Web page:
By Linda Kor–
The Navajo County Community College District Governing Board held a Truth in Taxation hearing May 17 that resulted in a heated discussion regarding the purpose and method utilized to impose a property tax increase on the citizens of Navajo County.
According to the formula for Truth in Taxation, the increase in primary property taxes would come to $249,031, or two percent annually. According to the calculation provided by statute, this would mean a property with an assessed valuation of $100,000 would see an increase in taxes from $121.44 to $123.97, or a difference of $2.43.
Northland Pioneer College Vice President of Administrative Services Blaine Hatch explained that the funds generated would ensure that the college has contingency funds in the event that funding from the state should be reduced in the coming years or removed altogether. He also noted that capital projects for construction of a new welding facility and two skills centers at the Holbrook and White Mountain campuses in the next year would require funding.
Questions regarding the need to utilize the maximum levy amount were raised by board member Dusty Parsons, who does not believe the college needs the funds that would be generated from the increase, citing funds in excess of $7 million that would be carried over from this fiscal year and that could amount to up to $9 million the following year. He also found fault in the formula required by state statute regarding Truth in Taxation.
He noted that by his calculations, the increase in taxes would not be two percent, but 9.3 percent when using current figures. “Is $121.44 the rate today? Right now it is $113.52, with new growth it’s $121.44. To increase it to the $123.97 you’re talking about an increase of 9.3 percent. That will be $700,000 collected by the college, not the $249,031 stated here. In reality, we’re just doing this because we can,” he stated.
Parsons emphasized that he was not faulting the college or the administration for the formula mandated by statute, but he did believe that the college was burdening the taxpayer for funds that the college did not need.
“In reality the board doesn’t need to ask for this increase. If there were no new growth, then there would be no need for a hearing. This is misleading. Right now I’m paying $113.52, next year I pay $123, that is a 9.3 percent increase. That is reality,” he added.
Hatch agreed that the formula for Truth in Taxation is confusing and is based on the expectation that assessed valuations would continue to rise, but with the decrease in assessed valuations those figures changed, with new growth bringing the figure up.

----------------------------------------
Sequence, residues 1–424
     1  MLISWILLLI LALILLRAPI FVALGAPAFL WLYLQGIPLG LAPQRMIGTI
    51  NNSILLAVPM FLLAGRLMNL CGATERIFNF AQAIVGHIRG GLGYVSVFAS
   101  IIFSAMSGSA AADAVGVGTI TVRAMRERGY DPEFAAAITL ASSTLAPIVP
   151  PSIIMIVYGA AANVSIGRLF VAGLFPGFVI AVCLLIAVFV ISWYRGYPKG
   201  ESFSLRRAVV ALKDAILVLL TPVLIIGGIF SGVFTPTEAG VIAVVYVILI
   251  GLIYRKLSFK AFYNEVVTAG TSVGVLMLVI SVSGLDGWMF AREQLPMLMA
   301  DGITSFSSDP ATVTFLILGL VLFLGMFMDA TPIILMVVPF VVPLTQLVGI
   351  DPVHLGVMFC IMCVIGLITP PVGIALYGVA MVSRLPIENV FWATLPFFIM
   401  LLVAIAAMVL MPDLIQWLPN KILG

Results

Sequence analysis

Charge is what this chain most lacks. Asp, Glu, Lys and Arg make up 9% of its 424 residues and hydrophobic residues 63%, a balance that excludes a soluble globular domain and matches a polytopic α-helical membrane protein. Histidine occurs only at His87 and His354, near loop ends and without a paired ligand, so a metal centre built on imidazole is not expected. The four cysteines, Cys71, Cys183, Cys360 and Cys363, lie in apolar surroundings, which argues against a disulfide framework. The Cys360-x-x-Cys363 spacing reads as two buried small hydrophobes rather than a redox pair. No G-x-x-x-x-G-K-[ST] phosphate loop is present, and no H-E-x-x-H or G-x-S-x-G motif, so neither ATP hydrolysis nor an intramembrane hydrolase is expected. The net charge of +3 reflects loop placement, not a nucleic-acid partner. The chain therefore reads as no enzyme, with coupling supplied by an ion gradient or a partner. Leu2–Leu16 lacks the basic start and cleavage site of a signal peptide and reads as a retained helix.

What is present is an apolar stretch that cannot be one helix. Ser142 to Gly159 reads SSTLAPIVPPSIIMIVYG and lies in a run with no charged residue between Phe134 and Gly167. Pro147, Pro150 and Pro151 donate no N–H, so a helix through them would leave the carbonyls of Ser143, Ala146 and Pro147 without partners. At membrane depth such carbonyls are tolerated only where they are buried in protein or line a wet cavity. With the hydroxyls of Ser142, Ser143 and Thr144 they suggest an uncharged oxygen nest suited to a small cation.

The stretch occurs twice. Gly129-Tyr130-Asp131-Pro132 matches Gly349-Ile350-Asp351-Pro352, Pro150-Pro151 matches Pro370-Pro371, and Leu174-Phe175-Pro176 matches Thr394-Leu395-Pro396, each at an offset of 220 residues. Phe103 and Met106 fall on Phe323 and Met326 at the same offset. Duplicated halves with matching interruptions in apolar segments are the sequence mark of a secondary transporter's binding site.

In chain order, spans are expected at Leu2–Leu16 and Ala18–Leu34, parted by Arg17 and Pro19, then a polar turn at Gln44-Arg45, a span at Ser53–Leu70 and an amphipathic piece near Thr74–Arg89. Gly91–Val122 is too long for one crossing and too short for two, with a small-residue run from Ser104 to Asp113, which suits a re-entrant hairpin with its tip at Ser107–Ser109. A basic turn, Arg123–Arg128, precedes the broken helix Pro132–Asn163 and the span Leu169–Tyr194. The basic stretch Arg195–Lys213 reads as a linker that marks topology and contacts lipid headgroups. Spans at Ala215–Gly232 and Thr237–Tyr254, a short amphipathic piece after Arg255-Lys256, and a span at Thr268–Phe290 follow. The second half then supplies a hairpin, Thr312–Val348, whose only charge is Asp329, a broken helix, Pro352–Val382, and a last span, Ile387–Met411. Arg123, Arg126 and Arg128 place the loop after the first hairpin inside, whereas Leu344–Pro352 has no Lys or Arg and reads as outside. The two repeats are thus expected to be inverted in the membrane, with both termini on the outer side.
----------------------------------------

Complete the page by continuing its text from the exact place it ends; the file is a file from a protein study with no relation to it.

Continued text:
During the request for public comment six Navajo County residents, all from the Show Low area, voiced their opposition to the tax increase, each citing concerns of over taxation during a lean economy and the need to reduce costs at the college.
Roy Reissner informed the board that he lives on a fixed income and was just recently able to obtain a part-time job.
“If you don’t need the money, then why are you levying the taxes?” he asked Hatch.
When Hatch offered no response, Board Chairman Bill Jeffers stated that Reissner had the choice of not paying the taxes.
Reissner agreed, stating, “Yeah, I could do that, and I would lose my house. You’re up there like nothing’s happening and you already have millions in surplus,” he said.
Other residents questioned some of the classes being offered at the college, such as yoga and knife making, asking why the college did not remove those classes and focus on career oriented classes as a measure to save budget funds so a tax increase would not be needed.
Ron Matkin stated that he wasn’t opposed to raising taxes as long as the money would be used efficiently. “I am for education, but I’m looking at some of the frivolous classes offered and I look at my tax bill. Sure you’re only talking a couple bucks per valuation but then I look down the list to see six, seven, eight people asking for money. Pretty soon it’s a substantial amount,” he stated.
Board member Ginny Handorf, who later made the motion for the increase, took that opportunity to state why she was in support of the tax.
“Nobody on this board voted on an increase because we could. Actually, it’s all that we can. If the situation gets worse then we can’t do any more than this. Last year we lost $2 million in state funding and $1.5 million from NAVIT (Northern Arizona Vocational Institute of Technology), but we made it through. We have been cutting. We have cut programs and made changes to curriculum. We didn’t spend capital funds yet, but we will need to. If we carefully manage then we need to provide savings, otherwise, we become like the government and go deeply into debt,” said Handorff.
She went on to state that the college is the only community college serving the 22,000 square miles of this county, as well as portions of Apache County. “If this college falls, higher education for this entire region falls. We only have four sites and it’s a long distance from Whiteriver to Holbrook. We are always in the lowest range for (costs) the state,” she added.
Jeffers noted that he was in support of the increase in order to avoid going out to bond, which would be even more costly to the taxpayer.
After considering the comments provided, the board gave final approval for a two percent property tax increase despite comments in opposition from the audience. Those voting in favor of the measure were Handorf, Louella Nahsonhoya and Jeffers, with Parsons and Daniel Peaches voting against it.